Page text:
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Systems:  Rudder Tube

 

During the initial demolition of the original fiberglass cockpit, I had carefully cut around the existing fiberglass rudder tube, even leaving a small section of the old cockpit sole in place for future measuring and reference purposes.


Once I had begun construction of the cockpit sole, I could finally go ahead and remove the upper portion of the old rudder tube, the section containing the old section of cockpit sole.  With a Sawz-All, I cut off the tube cleanly.

I needed to extend the rudder tube up higher; my cockpit design called for the tiller to mount at seat height, rather than sole height.  My first step to prepare for extending the rudder tube came shortly after I had cut the cockpit sole pieces, but before they were permanently installed.  Since the rudder tube would have to penetrate the cockpit sole, I'd need to cut a hole in the sole.

To locate the hole, I stuck a broom handle into the rudder tube from outside the boat.  I couldn't bring myself to take pictures of this, as it seemed to somehow be violating my lady (the boat).  I pushed the broom handle up until it contacted the bottom of the cockpit sole, and then marked the location with a pencil.


Removing the sole, I prepared to cut an opening.  With a bevel gauge, I measured the angle of the rudder tube, and then cut the opening in the  sole with a hole saw, holding the drill at the proper angle as determined by the bevel gauge.


When complete, I had a 2" hole roughly centered above the rudder tube, and was ready for the next step:  extending the tube itself. 

 


I found fiberglass tubing at McMaster-Carr, and ordered a 5' section of two different sizes:  1-1/2" ID (2"OD) and 1-1/4" ID (1-1/2"OD).  Not only did I need the smaller size for the propeller shaft stern tube later on in the project, but it would also work as an internal sleeve for extending the larger-diameter rudder tube.  I wasn't concerned about the reduction in internal diameter, as the original rudder tube was sleeved in several areas, and there was no way my new rudder post was going to end up larger than the 1-1/4" ID of the smaller tube anyway.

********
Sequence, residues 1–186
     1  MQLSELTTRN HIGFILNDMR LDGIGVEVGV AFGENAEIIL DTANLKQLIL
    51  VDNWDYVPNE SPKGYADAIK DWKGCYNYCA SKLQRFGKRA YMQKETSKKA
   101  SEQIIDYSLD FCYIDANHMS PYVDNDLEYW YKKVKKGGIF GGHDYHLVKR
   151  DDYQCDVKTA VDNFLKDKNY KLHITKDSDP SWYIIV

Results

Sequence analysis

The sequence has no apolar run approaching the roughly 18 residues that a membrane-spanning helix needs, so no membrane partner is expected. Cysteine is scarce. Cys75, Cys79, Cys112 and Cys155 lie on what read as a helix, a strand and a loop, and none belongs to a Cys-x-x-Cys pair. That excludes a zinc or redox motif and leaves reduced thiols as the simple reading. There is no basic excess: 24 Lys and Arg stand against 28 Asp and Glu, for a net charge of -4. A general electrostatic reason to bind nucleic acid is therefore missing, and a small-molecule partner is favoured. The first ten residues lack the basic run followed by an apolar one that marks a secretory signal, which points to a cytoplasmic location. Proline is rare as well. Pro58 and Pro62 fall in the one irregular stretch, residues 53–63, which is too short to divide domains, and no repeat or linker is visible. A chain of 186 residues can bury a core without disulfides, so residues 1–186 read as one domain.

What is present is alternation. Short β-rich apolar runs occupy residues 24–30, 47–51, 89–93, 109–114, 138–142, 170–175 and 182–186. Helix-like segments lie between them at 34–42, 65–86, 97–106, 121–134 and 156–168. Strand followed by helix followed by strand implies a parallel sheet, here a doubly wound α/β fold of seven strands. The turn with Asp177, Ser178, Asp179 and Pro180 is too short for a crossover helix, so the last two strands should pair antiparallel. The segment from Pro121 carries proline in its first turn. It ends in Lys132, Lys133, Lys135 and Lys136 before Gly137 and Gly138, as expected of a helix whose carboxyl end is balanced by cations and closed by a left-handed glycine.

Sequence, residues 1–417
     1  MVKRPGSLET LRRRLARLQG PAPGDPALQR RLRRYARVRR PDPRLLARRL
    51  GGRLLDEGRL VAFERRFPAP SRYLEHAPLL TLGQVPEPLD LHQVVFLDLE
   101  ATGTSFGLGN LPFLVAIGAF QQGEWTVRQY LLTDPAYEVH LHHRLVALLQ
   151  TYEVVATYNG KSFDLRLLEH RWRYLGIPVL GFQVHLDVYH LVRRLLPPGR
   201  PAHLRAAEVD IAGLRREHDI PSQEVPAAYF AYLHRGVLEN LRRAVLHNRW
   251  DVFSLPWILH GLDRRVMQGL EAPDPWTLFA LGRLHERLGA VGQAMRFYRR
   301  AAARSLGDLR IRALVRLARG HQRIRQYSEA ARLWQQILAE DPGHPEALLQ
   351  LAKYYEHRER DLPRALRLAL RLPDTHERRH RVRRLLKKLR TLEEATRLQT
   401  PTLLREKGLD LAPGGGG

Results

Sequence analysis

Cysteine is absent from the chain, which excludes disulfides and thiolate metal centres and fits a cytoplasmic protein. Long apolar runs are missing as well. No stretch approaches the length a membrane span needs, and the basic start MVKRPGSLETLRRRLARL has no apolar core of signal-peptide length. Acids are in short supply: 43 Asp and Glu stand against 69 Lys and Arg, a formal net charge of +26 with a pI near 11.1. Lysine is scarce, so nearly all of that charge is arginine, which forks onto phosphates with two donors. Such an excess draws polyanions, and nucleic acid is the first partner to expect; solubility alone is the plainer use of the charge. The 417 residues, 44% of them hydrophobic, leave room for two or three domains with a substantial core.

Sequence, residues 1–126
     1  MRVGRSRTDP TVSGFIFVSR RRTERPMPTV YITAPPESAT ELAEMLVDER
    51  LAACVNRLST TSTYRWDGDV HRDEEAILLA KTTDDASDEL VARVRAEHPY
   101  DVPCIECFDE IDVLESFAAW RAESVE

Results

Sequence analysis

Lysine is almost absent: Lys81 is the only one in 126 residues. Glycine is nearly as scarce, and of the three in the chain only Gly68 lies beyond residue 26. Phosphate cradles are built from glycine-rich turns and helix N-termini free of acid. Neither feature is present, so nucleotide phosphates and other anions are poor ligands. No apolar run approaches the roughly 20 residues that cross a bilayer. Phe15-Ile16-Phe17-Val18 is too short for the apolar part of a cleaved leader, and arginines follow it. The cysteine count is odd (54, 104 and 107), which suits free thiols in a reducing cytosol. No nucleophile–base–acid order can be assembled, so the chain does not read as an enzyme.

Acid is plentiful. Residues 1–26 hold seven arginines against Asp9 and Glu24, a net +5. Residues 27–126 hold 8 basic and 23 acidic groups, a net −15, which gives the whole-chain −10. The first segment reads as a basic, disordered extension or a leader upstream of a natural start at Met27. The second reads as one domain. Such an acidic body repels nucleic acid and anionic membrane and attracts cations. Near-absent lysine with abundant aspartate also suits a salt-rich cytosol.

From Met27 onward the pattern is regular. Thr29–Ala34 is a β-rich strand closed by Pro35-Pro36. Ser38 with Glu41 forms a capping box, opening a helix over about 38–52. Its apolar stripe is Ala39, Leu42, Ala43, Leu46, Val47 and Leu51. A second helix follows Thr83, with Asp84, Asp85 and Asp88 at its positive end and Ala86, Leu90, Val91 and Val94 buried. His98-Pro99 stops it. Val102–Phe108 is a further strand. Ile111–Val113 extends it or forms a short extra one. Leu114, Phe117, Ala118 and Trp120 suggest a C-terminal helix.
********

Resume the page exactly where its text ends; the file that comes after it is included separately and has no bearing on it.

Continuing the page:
I cut off a 12" section of the smaller tubing for an internal sleeve, and then cut about 24" of the larger tubing to extend the rudder tube upwards.  I left this piece long for later trimming to exact size.  After checking the fit, I sanded the exterior of the smaller tube, and the lower portion of the larger tube to provide a bonding surface for the epoxy adhesive and tape to secure the pieces.

Next, I installed the smaller, internal tube, sliding it down into the existing rudder tube stump until about half of the length was inside.  After I had an inch or so inside, I coated the tube with thickened epoxy adhesive; I refrained from putting this on the end, lest it somehow manage to clog the inside of the tube at all.  Then, I spread more of the epoxy over the upper, exposed portion of the sleeve, and then slid the larger-diameter tube over it.  I smoothed the remaining epoxy spillout, and prepared to fiberglass the pieces in place permanently.

I wrapped the seam with two layers of 22 oz. biaxial fabric:  a strip of 4" tape, then a strip of 6" tape, each cut to the proper length to go around the tube once.  I rolled out the pieces and left the assembly to cure, after ensuring that the new section of tubing was straight and true.

When the new tabbing cured, I sanded it to remove raw edges, and then painted the tube up to the level of the eventual cockpit sole.  Later, after the sole was installed, I secured the tube where it passed through the sole, and faired it in seamlessly.

Please click here to go onto the rudder construction.>

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All photos and text on this site 2002-2009 by Timothy C. Lackey and Lackey Sailing, LLC
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